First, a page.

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College Creek

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We’ve had yet another day of cool, soaking rain in our region.  Its rained steadily enough to keep me indoors and it has remained cool enough to slow down the buds on our dogwood trees.  They are still just uncurling, tentatively, and remain more green than white.

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A day like today encourages the fine art of procrastination.  There are a half dozen good reasons to delay most of the tasks on my ‘to-do’ list, especially those tasks that involve waking up more seeds, or tubers, or waking up more beds and borders by removing their blankets of leafy mulch.

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I’ve already delayed many spring time tasks, out of respect for cold nights, cool days and abundant rain.  It’s unwise to work in the soil when it remains so wet.  It’s even unwise to walk around too much on soggy ground, knowing that every step compacts it.

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Dogwood

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But there is balance, over the long view, and I suspect that warmer days are upon us soon.  I saw one of our lizards skitter under a pot when I opened the kitchen door unexpectedly yesterday, and the yard has filled with song birds.  We hear frogs singing now on warm evenings and bees come out whenever it warms in the afternoon sunlight.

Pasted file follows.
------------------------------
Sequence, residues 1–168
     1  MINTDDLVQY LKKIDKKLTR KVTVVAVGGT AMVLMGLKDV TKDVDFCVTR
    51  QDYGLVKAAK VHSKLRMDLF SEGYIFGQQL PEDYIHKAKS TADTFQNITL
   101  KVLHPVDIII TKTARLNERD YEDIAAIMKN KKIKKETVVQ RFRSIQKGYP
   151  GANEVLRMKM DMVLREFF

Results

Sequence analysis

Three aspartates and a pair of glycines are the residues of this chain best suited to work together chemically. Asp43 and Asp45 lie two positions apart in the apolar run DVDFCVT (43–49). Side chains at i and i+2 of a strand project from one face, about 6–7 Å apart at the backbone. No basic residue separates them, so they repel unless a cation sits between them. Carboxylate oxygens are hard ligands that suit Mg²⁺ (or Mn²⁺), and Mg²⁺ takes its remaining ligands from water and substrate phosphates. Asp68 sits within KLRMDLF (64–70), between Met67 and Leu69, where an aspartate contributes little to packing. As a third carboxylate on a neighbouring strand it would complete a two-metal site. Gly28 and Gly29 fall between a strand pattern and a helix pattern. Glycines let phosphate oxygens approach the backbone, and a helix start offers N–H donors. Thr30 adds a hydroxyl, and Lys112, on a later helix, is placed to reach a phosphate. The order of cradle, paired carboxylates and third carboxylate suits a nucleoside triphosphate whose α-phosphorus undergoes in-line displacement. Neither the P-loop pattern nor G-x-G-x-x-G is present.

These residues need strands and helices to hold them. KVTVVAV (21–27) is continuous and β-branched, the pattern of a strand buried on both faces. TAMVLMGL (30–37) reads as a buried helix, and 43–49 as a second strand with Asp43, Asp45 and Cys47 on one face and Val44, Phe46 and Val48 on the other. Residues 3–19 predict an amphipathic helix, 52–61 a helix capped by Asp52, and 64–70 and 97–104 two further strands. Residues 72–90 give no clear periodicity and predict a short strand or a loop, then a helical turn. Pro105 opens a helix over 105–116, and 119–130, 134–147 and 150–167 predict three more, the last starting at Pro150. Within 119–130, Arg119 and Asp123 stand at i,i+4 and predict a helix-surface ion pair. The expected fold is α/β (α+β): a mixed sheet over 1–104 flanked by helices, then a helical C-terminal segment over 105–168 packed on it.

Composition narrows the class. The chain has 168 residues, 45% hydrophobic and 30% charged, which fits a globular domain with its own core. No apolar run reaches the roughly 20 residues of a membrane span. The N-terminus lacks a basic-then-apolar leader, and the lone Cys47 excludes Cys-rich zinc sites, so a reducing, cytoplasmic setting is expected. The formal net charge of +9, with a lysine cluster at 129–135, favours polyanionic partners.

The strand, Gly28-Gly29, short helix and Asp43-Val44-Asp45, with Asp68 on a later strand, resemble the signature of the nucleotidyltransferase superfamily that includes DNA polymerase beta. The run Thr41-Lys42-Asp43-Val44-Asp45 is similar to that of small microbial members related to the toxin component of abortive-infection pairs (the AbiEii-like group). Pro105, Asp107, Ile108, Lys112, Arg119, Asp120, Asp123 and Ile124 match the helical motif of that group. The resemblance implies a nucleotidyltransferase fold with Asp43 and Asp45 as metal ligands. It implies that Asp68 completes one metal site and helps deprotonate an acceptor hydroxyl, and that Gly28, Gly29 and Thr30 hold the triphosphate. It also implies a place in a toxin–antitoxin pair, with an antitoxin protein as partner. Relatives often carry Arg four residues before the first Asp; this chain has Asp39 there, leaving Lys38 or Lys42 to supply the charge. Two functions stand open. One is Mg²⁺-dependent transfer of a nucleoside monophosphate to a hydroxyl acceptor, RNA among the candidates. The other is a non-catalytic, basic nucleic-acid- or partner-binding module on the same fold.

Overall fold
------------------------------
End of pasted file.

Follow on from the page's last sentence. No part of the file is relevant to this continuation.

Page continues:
They know its time to awaken for another year, and are doing their best to get on with life despite the weather.

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N. ‘Tahiti’

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It is good to rest when one can, storing up energy to spring into action when the time is ripe.  The garage is filled with plants needing to get back outside into the light, to cover themselves with fresh leaves and get on with their growth.  And I need their space for sprouting Caladiums and the small plants and tubers I plan to pick up in Gloucester next week from the Heaths.

There are Zantedeschias in the basement bravely reaching out their fresh leaves towards the windows, and I’m ready to divide and pot up our stored Colocasias and let them get a jump on summer.

And then there is the small matter of packs of seed whose time has come to awaken and grow…

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N. ‘Katie Heath’